LEAVITT & ALLEN.
Entered according to Act of Congress, in the year 1853, by
LEAVITT & ALLEN,
in the Clerk's Office of the District Court of the United States
in and for the Eastern District of New-York.
v" i ~b~
mcl L --
STORY OF TWO MOHAWKS.
IN 1691, the English governor of New
York concluded a treaty with the Indian
tribes known as the five nations, the Mo-
hawks being the chief. Major Schuyler
then led a party of Mohawks against the
French settlements in Canada. The as-
sault of the Indians enraged Count Fron-
tignac, Governor of Canada, and when he
made two Mohawks prisoners he con-
demned them to the stake. One killed
himself, the. other walked to the stake,
chanting his death song. He firmly bore
the tortures and died like a hero.
ADMIRAL KEPPEL AND THE DEY.
WHEN Admiral Keppel was sent to the
Dey of Algiers, to demand restitution of
two ships which the pirates had taken,
he sailed with his squadron into the bay
of Algiers, and cast anchor in front of the
Dey's palace. He then landed, and, at-
tended only by his captain and barge's
crew, demanded an immediate audience
of the Dey. This being granted, he
claimed full satisfaction for the injuries
done to the subjects of his Britannic Ma-
jesty. Surprised and enraged at the
DEATH OF COLONEL GARDINER.
ADMIRAL KEPPEL AND THE DEY.
boldness of the admiral's remonstrance,
the Dey exclaimed, that he wondered at
the English King's insolence in sending
him a foolish, beardless boy." A well-
timed reply from the admiral made the
Dey forget the laws of nations in respect
to ambassadors, and he ordered his mutes
to attend with the bowstring, at the same
time telling the admiral he should pay
for his audacity with his life. Unmoved
by this menace, the admiral took the Dey
-to a window facing the bay, and showed
him the English fleet riding at anchor, and
told him, that if he dared to put him to
death, there were Englishmen enough in
that fleet to make him a glorious funeral
pile. The Dey took the hint. The admiral
obtained ample restitution.
DEATH OF COLONEL GARDINER.
IN 1745, Charles Edward Stuart strove
to place himself uponr the British throne.
His army met the army of King George
II. at Preston Pans, in Scotland. In the
battle that ensued, the brave and pious
Colonel Gardiner lost his life.
The day before the battle he rode
through the ranks of his regiment, and
addressed his men in the most animating
manner. Perceiving a timidity in part of
his troops, he determined to set them a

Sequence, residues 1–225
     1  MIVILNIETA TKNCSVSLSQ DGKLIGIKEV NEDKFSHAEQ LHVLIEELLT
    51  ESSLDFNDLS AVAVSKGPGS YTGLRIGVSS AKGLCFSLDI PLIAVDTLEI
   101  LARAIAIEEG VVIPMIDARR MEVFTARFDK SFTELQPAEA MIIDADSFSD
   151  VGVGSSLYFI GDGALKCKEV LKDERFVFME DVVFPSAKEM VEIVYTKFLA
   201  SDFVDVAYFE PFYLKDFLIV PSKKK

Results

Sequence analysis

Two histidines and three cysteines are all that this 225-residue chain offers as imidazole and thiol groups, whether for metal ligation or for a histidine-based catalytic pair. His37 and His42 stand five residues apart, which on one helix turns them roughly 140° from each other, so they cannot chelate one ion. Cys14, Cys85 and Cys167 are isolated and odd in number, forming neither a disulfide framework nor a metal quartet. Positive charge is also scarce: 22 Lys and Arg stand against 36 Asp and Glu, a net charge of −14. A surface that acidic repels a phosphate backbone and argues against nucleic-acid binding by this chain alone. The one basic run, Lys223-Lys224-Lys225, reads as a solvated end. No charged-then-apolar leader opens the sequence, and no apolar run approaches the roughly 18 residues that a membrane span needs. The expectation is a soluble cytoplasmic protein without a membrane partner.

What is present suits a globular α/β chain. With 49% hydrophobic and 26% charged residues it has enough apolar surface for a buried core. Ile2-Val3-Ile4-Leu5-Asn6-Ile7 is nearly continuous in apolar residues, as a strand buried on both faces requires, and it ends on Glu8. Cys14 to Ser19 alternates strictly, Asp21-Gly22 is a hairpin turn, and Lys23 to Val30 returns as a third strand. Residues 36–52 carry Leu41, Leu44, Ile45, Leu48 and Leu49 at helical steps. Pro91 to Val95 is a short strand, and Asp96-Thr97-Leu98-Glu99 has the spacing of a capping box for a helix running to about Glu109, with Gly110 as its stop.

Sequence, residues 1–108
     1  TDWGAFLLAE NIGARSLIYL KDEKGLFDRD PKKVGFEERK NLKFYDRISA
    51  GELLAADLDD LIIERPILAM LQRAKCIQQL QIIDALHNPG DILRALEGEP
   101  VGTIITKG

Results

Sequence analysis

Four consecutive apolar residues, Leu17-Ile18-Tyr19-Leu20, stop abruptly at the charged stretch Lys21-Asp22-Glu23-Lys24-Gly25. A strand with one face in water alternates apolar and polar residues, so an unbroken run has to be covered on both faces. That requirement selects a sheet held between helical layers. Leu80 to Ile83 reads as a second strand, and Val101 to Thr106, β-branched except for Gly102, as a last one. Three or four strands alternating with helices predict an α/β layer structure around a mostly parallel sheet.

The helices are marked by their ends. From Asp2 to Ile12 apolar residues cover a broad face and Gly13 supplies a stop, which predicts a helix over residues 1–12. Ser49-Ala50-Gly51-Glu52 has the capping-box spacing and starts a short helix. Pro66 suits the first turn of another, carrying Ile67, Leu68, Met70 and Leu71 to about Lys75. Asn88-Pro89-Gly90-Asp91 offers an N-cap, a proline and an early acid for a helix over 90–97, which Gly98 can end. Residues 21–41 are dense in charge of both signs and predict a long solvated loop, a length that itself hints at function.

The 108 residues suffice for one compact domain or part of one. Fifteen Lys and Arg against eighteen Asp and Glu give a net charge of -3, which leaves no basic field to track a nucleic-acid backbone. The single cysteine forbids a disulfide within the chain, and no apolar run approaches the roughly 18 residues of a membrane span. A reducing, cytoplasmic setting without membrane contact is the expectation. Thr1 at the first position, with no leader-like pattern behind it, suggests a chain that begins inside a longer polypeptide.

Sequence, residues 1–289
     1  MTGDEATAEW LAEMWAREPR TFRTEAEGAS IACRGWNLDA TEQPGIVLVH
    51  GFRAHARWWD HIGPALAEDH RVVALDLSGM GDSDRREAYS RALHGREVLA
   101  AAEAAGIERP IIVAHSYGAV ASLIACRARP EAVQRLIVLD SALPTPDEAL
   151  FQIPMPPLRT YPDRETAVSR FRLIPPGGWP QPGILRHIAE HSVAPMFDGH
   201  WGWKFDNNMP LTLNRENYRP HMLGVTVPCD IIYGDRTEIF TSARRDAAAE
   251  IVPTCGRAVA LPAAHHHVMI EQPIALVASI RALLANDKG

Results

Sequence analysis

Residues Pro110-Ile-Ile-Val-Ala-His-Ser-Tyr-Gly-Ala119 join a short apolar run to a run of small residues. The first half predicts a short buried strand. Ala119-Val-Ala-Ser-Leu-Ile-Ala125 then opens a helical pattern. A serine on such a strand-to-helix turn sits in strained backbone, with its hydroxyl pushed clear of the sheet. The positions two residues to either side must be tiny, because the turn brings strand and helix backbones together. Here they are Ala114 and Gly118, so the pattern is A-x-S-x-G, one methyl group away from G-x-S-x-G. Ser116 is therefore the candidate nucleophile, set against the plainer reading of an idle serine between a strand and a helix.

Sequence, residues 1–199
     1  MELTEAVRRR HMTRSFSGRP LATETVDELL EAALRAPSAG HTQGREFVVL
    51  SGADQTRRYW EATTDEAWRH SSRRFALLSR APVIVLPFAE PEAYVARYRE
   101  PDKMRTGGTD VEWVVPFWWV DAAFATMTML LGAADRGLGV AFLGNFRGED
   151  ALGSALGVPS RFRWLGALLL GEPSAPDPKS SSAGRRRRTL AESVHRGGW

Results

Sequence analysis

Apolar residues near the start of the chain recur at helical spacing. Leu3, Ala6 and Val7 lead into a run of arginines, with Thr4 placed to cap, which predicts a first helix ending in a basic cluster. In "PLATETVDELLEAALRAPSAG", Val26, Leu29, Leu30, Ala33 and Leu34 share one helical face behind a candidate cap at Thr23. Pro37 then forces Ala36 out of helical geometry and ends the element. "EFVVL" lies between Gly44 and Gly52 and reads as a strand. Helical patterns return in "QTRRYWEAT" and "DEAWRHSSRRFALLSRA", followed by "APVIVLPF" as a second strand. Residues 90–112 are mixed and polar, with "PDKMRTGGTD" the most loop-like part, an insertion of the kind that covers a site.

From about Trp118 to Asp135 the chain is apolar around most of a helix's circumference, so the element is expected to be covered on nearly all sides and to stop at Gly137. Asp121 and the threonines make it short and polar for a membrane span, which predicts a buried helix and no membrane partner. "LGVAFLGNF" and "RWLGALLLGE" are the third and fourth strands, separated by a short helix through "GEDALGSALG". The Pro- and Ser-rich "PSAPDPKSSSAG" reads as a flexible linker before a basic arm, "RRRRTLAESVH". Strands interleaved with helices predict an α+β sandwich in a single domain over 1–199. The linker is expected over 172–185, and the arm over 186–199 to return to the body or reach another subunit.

spirited example. "I cannot," said he,
" influence the conduct of others as I could
wish, but I have one life to sacrifice to my
DEATH OF COLONEL GARDINER. 13
country's safety, and I shall not spare it."
They continued under arms all night, and
in the morning, by break of day, perceived
the approach of the rebel army, under
Prince Charles. The Highlanders, though
half-armed, charged with such impetuo-
sity, that in less than ten minutes after
the battle began, the King's troops were
broken and totally routed. After Colonel
Gardiner's own regiment of dragoons had
forsaken him, seeing a party of the foot
continuing to oppose the enemy, without
an officer, he immediately headed them,
though already twice wounded, exclaim-
ing, Fight on, my lads, and fear nothing."
At the instant, he was cut down by the
scythe of a Highlander, fastened to a long
pole, and fell covered with wounds.
THE CARELESS FATHER.
BEING on the point of starting on a long
voyage, a rich man in China appointed a
governor for his two sons.
The father had scarcely set out when
the governor, became the tyrant of the
house, sent away the honest servants who
might declare his outrages. It would
have been only half the harm if this ped-
agogue had given his pupils virtues or
talents; but as he wanted them himself
he only made them rude, saucy, false,
cruel, libertine and ignorant children.
After some years had elapsed, the father,
on returning, saw at last the truth when
too late; and without otherwise punishing
the serpent which he had warmed in his
bosom, he contented himself with sending
THE CARELESS FATHER. 17
him away. This monster had the impu-
dence to cite his master before the Manda-
rin, for not having paid him the promised
salary. "I would willingly pay it,
answered the other, "if this wretch had
given my children back to me, as I ought
to expect," "Here they are," pursued
he, addressing the man of law, "examine
and pronounce." At length, after having
questioned them, and seen their failings,
the Mandarin pronounced this sentence:
* I condemn this governor to death as the
homicide of his pupils, and their father to
pay the fine of three pounds of gold dust:
not for having chosen ill, as all are liable
to be deceived; but for having had the
weakness to employ so vile a teacher for
so long a time."
THE BRAVERY OF LORD NELSON.
NELSON lost the sight of one eye at the
siege of Calvi, by a shot driving the sand
and gravel into it, and he lost his arm by
a shot in an expedition against Teneriffe;
~it the most dangerous of his daring ex-
ploits were, boarding the battery at San
Bartolomeo, boarding the San Joseph, the
boat action in the bay of Cadiz, and the
famous battles of the Nile and Trafalgar.
Of these, perhaps, the boat action during
the blockade of Cadiz, was the most severe.
While making an attempt against the
LORD NELSON SAVED BY HIS COXSWAIN.
BRAVERY OF LORD NELSON. 21
Spanish gun-boats, he was attacked by
D. Miguel Tregayen in an armed launch.
Eighteen Spaniards were killed, the rest
wounded, and the launch captured. The
Spaniards were more than two to one,
and yet he beat them; but it was a des-
perate struggle, hand to hand, and blade
to blade. Twice did John Sykes, the cox-
swain, save Nelson's life, by parrying off
blows that would have destroyed him,
and once did he interpose his head to
receive the blow of a Spanish sabre; but
he would have died for his admiral. Poor
Sykes was wounded badly, but not killed.
DEATH OF NELSON.
NELSON was killed at the great naval
battle of Trafalgar. In the heat of the
action, a ball, fired from the mizen-top
of the Redoubtable, struck Admiral Nel-
son on the left shoulder, when he instantly
fell. "They have done for me at last,